When making a tablecloth to be used on an outdoor table, put a triangular pocket across each corner. If the wind is blowing that day, drop a rock in each corner pocket. [pg. 127]

(Unless it’s an outdoor party during a hurricane, in which case, the rock might knock somebody out…)

Don’t throw away old curtain valances. Just cut the valance in half and sew the two pieces together to form tiers of an apron. For a tie, slip ribbon through the valance casing. [pg. 127]

I’m tempted to try that one… just think of how cute and flouncy the apron would be! #adollable

Ferns love a tea party. Dump your left over tea into your fern pots. A used tea bag planted in their soil will also reap beautiful healthy ferns.” [pg. 133]

Use hair spray to get rid of pesty flies, bees, and insects in the house. It stiffens their wings so they can’t fly and down they go. [pg. 138]

: D Love that one! Do you suppose the trick works on roaches?

There were many more tips – the book’s one hundred sixty pages, after all! – most of which were probably more practical than the ones that I mentioned, but hey, what can I say? The ones I mentioned were fun. :)

Conclusion. A fun, helpful resource, but not a necessary one, Emilie’s Household Hints will equip you with a Ph.D. in the tricks of the trade.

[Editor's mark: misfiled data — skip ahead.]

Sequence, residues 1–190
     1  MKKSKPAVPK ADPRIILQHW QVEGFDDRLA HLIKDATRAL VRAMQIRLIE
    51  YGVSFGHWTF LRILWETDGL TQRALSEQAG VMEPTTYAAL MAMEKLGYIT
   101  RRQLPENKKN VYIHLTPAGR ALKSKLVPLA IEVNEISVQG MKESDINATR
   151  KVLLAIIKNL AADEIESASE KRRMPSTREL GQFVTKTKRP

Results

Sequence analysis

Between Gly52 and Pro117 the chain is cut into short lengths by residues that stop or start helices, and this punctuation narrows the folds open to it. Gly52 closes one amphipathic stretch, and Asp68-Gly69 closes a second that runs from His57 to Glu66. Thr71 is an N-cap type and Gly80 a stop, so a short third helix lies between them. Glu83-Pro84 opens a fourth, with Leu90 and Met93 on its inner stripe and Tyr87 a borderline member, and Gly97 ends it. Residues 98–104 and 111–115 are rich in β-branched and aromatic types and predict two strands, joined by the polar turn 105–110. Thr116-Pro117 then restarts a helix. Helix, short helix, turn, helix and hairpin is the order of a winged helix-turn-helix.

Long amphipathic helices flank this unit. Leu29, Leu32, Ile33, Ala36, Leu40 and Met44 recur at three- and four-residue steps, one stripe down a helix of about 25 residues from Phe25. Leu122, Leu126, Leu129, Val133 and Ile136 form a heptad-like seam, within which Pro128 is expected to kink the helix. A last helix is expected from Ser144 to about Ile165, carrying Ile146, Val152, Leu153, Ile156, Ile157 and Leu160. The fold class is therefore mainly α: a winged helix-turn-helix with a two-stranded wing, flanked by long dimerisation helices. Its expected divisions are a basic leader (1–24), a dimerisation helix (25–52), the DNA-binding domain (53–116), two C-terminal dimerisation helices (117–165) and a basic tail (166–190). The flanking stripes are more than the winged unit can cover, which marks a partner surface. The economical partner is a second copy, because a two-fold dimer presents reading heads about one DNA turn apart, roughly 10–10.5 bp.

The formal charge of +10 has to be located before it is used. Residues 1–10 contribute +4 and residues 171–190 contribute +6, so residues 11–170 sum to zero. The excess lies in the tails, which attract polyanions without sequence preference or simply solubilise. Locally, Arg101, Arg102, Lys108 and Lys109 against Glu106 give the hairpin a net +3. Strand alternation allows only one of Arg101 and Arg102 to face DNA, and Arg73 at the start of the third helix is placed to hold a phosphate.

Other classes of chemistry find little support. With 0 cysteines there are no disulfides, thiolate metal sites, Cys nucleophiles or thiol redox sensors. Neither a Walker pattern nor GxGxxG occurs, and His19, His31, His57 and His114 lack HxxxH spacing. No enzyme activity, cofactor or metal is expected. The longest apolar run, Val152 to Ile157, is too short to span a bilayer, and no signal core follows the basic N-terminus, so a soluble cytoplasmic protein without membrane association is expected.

Why Pro-Life?

Title: Why Pro-Life?
Author: Randy Alcorn
Pages: 136
Star Rating: ★★★★★

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Every issue has its ‘one-liners’ that cause your heart to stop, mind to race, and basically make you feel inadequate and unintelligent. Until three seconds go past and you suddenly remember the answer that you memorized several years ago. From ‘we’re under grace, not law’ to ‘but God would never make anybody love Him!’ these cliché phrases can be super hard to answer, because they’re packed with misconceptions – and the teeniest bit of truth.

The abortion issue is no exception to this rule – ‘I can do whatever I want with my body’, ‘Wouldn’t it be better if every child was a wanted child?’ ‘They’re not really humans’, and gobs of other such phrases are used as firecrackers against the pro-life position; they spark and sputter like the real thing, but they haven’t got the explosion to back it up.

In Why Pro-Life? Randy Alcorn does a superb job setting forth the pro-life position and answering these pro-abortion diatribes. Why Pro-Life? is divided into five sections – The Basics, The Child, The Woman, Other Important Issues, and Spiritual Perspectives and Opportunities.